While analyzing data from the first images of a well-known early galaxy taken by NASA’s James Webb Space Telescope (JWST), Cornell University astronomers found a companion galaxy previously hidden behind the galaxy’s first light. flat, one that seems to already have its own. It has hosted multiple generations of stars despite its young age, estimated at 1.4 billion years.
“We found that this galaxy is chemically abundant, something none of us expected,” said Pu Bing, an astronomy doctoral student who led the data analysis. “JWST changes the way we view this system and opens up new avenues for studying how stars and galaxies formed in the early universe.”
Peng is lead author of “Dusty, Chemically Mature Companion Discovery of the z~4 Starburst Galaxy in JWST Early Release Science Data,” published in Astrophysical Journal Letters.
Previous images captured by the Atacama Large Millimeter/submillimeter Array (ALMA) in Chile contained complementary cues that were clearly resolved by JSWT, but could not be interpreted as more than random noise, said Amit Vishwas, a Cornell Center research associate. Center for Astrophysics and Planetary Sciences (CCAPS) and second author of the article.
The team estimated that the companion galaxy, which they named SPT0418-SE, was within 5 kiloparsecs of SPT0418-47, one of the brightest dusty, star-forming galaxies in the early Universe, its distant light doubled and magnified by the gravity of a foreground galaxy. A circle called Einstein’s ring. The Magellanic Clouds, satellites of the Milky Way, are about 50 kiloparsecs away. The proximity indicates that these galaxies must have been interacting with each other and possibly also merging, an observation that adds to the understanding of how early galaxies evolved into larger galaxies.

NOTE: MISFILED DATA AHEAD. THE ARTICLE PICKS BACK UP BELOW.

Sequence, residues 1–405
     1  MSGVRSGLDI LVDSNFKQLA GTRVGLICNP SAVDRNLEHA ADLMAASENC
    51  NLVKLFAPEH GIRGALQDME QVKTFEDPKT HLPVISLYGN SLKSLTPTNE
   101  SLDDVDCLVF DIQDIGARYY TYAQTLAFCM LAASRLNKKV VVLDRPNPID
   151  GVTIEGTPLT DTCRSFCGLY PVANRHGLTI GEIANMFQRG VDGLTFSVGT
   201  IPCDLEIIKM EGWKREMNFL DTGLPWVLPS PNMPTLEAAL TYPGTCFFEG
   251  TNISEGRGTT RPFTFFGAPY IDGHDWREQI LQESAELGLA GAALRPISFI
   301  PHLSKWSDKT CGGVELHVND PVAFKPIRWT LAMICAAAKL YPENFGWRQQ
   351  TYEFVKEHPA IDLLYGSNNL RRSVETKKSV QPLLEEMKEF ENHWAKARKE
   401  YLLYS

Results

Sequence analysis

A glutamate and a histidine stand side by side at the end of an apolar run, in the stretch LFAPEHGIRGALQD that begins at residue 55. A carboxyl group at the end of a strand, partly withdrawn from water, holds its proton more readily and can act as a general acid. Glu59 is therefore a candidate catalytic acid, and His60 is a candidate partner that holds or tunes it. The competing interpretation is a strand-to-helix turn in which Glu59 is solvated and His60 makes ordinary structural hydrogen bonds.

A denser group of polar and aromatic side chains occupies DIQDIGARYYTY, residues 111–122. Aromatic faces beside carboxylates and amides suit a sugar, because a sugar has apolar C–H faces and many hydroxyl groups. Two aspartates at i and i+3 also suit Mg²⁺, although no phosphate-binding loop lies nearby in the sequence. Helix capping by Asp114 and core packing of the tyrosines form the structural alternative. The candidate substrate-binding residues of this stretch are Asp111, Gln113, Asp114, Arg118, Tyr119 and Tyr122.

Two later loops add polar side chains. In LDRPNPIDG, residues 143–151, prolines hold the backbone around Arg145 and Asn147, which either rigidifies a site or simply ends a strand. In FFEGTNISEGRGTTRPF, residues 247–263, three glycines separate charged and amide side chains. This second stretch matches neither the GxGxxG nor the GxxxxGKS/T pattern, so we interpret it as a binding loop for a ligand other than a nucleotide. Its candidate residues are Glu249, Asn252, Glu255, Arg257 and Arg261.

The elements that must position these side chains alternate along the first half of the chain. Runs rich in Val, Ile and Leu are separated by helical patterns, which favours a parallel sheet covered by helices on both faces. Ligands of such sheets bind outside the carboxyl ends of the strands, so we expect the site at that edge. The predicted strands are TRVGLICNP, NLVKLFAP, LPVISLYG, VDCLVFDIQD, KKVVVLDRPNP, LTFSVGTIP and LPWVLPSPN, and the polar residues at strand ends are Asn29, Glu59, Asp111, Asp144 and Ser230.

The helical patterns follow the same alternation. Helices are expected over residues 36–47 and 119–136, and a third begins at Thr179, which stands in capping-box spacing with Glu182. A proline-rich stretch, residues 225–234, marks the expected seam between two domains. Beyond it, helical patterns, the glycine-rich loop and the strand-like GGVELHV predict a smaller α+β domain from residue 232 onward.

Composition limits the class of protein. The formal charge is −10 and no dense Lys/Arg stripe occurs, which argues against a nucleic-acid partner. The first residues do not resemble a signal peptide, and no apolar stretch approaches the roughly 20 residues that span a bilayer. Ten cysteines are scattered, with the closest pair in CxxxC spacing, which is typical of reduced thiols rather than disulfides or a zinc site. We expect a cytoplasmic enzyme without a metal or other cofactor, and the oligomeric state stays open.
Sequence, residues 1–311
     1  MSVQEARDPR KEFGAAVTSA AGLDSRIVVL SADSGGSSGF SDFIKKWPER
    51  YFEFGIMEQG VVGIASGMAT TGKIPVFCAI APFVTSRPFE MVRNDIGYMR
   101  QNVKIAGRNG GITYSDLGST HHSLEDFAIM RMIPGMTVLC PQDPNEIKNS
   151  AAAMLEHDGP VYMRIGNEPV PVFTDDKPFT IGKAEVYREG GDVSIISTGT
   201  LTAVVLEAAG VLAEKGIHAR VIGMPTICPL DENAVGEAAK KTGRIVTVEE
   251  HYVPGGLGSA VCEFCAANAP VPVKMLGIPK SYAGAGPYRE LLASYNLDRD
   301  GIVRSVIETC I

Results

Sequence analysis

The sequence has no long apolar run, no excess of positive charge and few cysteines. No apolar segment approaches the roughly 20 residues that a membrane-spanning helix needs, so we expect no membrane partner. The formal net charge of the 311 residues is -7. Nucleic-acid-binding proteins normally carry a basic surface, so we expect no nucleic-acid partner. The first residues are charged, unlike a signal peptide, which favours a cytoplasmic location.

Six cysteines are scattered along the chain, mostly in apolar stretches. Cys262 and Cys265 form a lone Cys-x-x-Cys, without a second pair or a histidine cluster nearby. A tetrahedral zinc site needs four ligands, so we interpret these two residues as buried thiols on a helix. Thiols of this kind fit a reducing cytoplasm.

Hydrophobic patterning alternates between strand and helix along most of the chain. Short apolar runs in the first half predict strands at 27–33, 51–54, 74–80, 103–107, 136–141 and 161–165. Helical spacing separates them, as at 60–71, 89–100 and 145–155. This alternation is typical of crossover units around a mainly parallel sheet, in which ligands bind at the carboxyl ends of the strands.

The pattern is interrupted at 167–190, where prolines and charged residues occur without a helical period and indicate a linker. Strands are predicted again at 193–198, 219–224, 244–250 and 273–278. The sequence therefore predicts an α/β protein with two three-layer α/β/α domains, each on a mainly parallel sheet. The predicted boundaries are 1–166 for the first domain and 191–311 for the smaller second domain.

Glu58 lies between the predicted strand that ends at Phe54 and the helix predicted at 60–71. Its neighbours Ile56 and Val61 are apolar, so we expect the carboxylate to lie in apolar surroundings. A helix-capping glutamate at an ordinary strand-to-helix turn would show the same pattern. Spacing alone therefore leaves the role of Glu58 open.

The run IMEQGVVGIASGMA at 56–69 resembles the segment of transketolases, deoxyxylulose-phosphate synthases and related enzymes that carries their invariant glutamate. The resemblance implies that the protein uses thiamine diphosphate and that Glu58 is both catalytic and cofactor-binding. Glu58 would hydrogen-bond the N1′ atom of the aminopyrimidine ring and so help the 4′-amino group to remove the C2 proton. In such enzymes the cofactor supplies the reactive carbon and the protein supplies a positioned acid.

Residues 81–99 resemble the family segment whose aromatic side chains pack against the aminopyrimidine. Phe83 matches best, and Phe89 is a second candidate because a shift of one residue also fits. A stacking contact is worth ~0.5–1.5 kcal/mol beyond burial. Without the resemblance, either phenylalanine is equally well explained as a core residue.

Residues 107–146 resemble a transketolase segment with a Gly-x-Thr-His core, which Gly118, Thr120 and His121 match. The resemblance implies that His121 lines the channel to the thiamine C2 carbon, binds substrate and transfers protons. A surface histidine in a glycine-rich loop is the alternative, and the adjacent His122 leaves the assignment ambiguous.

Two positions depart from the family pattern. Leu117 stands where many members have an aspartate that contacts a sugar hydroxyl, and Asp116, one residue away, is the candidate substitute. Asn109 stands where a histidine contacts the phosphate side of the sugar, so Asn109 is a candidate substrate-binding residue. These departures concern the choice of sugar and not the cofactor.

Las dos galaxias tienen una masa modesta en comparación con las galaxias del universo primitivo, con el «SE» relativamente más pequeño y menos polvoriento, lo que lo hace parecer más azul que el anillo oscuro polvoriento. Basándose en imágenes de galaxias cercanas con colores similares, los investigadores sugieren que pueden vivir «en un halo masivo de materia oscura con vecinos aún no descubiertos».
What was most surprising about the companion galaxy, given its age and mass, was that it was mature metallic: amounts of elements heavier than helium and hydrogen, such as carbon, oxygen, and nitrogen. The team estimated that it is comparable to our sun, which is more than 4 billion years old and has inherited most of its minerals from previous generations of stars that took 8 billion years to form.
“We are seeing the remains of at least two generations of stars that lived and died during the first billion years of the universe’s existence, which we don’t normally see,” Vishwas said. “We think that the star formation process in these galaxies must have been very efficient and started very early in the universe, particularly to explain the abundance of nitrogen measured relative to oxygen, since this ratio is a reliable measure of how many generations of stars lived and died.